BS(A) strikes again

December 18, 2020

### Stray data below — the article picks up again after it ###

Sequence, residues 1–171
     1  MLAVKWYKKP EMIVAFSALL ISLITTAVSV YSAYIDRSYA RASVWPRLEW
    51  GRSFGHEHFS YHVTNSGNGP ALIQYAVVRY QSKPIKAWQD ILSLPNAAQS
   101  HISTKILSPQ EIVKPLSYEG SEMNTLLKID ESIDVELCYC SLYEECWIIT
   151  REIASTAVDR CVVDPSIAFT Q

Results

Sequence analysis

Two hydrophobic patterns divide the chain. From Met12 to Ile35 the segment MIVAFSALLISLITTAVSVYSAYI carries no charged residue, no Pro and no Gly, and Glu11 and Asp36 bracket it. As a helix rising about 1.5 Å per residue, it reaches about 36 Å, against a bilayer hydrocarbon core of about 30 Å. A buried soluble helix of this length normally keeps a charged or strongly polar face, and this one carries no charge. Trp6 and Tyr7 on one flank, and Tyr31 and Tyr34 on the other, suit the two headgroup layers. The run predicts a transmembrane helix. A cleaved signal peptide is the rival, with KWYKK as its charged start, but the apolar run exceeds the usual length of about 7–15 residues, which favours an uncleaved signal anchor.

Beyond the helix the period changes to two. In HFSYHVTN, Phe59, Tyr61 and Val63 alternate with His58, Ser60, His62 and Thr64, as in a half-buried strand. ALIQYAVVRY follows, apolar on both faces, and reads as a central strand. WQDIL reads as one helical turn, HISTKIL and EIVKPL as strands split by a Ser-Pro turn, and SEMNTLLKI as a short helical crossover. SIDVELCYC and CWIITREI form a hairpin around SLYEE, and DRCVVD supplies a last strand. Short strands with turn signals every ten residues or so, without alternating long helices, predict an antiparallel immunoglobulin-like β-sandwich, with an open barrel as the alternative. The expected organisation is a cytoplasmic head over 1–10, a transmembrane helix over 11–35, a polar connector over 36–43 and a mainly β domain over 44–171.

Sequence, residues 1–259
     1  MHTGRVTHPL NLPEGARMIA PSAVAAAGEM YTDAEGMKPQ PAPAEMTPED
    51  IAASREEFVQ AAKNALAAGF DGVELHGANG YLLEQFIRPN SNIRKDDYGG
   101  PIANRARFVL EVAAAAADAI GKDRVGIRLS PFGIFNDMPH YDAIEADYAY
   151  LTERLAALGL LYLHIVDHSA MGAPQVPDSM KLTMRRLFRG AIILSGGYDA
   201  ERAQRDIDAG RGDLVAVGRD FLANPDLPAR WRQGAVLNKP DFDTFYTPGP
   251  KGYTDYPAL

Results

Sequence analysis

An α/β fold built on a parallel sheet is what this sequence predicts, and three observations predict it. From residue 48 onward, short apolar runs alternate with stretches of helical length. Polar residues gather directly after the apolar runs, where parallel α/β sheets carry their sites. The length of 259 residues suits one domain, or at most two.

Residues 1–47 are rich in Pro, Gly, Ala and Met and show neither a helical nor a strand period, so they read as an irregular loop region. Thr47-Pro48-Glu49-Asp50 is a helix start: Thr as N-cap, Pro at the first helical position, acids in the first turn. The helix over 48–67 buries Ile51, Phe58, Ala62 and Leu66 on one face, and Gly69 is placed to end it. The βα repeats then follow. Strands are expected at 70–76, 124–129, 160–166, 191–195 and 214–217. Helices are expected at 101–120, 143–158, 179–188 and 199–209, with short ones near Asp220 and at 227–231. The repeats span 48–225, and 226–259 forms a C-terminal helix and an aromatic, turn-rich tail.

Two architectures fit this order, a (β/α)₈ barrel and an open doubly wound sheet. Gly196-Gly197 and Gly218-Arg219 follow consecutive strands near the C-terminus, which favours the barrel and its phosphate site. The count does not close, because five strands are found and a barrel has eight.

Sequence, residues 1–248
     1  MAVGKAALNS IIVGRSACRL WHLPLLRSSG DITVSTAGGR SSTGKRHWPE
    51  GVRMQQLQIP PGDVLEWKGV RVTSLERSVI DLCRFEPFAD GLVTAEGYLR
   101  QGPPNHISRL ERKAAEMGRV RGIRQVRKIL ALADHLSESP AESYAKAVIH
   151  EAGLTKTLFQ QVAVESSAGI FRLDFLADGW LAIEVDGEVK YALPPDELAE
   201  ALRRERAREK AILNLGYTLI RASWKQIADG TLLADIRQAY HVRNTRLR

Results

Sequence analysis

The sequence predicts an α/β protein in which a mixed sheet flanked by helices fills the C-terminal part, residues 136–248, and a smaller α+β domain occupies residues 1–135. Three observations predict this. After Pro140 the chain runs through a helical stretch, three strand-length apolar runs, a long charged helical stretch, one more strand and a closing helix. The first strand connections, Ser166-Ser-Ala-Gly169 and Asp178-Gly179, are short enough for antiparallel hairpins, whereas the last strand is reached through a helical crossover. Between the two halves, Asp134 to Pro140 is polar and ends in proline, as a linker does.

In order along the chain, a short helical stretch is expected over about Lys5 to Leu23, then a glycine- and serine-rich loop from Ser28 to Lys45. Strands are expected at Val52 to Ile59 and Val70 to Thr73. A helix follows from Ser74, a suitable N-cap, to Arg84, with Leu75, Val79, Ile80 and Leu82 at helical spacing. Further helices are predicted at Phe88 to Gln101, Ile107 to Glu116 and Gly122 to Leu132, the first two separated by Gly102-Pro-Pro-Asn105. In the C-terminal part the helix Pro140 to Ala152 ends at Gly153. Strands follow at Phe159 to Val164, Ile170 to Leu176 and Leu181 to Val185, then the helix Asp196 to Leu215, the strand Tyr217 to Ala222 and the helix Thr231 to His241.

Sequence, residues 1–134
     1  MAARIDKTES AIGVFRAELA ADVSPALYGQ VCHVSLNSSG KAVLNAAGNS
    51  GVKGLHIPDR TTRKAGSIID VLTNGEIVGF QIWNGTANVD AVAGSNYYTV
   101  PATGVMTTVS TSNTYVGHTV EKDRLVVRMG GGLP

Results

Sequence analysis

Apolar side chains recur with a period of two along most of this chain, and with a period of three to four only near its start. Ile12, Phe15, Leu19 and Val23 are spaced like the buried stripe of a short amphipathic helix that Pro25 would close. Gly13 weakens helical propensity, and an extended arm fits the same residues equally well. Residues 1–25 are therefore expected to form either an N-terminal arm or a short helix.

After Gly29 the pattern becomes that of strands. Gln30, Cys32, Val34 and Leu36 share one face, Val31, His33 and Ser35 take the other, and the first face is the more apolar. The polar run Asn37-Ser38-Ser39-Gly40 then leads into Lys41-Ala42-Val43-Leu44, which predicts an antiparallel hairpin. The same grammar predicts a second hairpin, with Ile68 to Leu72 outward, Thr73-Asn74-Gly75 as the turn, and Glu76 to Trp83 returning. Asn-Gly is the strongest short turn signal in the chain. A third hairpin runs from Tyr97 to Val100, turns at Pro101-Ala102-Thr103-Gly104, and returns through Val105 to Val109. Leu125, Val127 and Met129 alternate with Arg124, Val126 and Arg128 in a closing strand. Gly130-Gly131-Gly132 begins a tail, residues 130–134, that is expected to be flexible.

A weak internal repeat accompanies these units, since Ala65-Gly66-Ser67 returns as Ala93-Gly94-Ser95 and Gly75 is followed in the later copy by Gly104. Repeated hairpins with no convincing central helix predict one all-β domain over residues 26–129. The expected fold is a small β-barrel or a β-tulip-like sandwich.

first_imgWhat would happen to your credit union if federal regulators and prosecutors determined that over a five year period you processed over 30 million remittances to Mexico, assigned two employees to monitor these transactions, filed a total of 9 SARS, ignored employee concerns that you were violating federal law, and then admitted to “willfully violating” The Bank Secrecy Act? I’ll tell you what would happen: Your credit union would be out of business, your top executives would be banned from the industry, and you might even find yourself on the front page of the Wall Street Journal. After all, Bethex Federal Credit Union no longer exists.Unfortunately evidence suggests that the same rules don’t apply to the largest institutions. Yesterday the justice department announced that it was entering into a non-prosecution agreement with Banamex USA, a subsidiary of Citigroup, to settle claims that it violated the Bank Secrecy Act from 2007-2012 by facilitating remittance transfers to Mexico without complying with some of the most basic requirements of the Bank Secrecy Act. The price of its “get-out-of-jail free” card is $97.4 million. This is in addition to the earlier fines paid to the FDIC. Citgroup has also announced that it was shutting down the offending bank’s operations- better late then never, I guess.The bank’s intentional oversight had real live consequences as the Non Prosecution agreement explains. “As a result of these compliance program failures, BUSA failed to file suspicious activity reports (“SARs”) on suspicious remittance transactions to Mexico that fit typologies consistent with illegal activity, such as human smuggling, fraud, and drug trafficking.” continue reading » ShareShareSharePrintMailGooglePinterestDiggRedditStumbleuponDeliciousBufferTumblrlast_img

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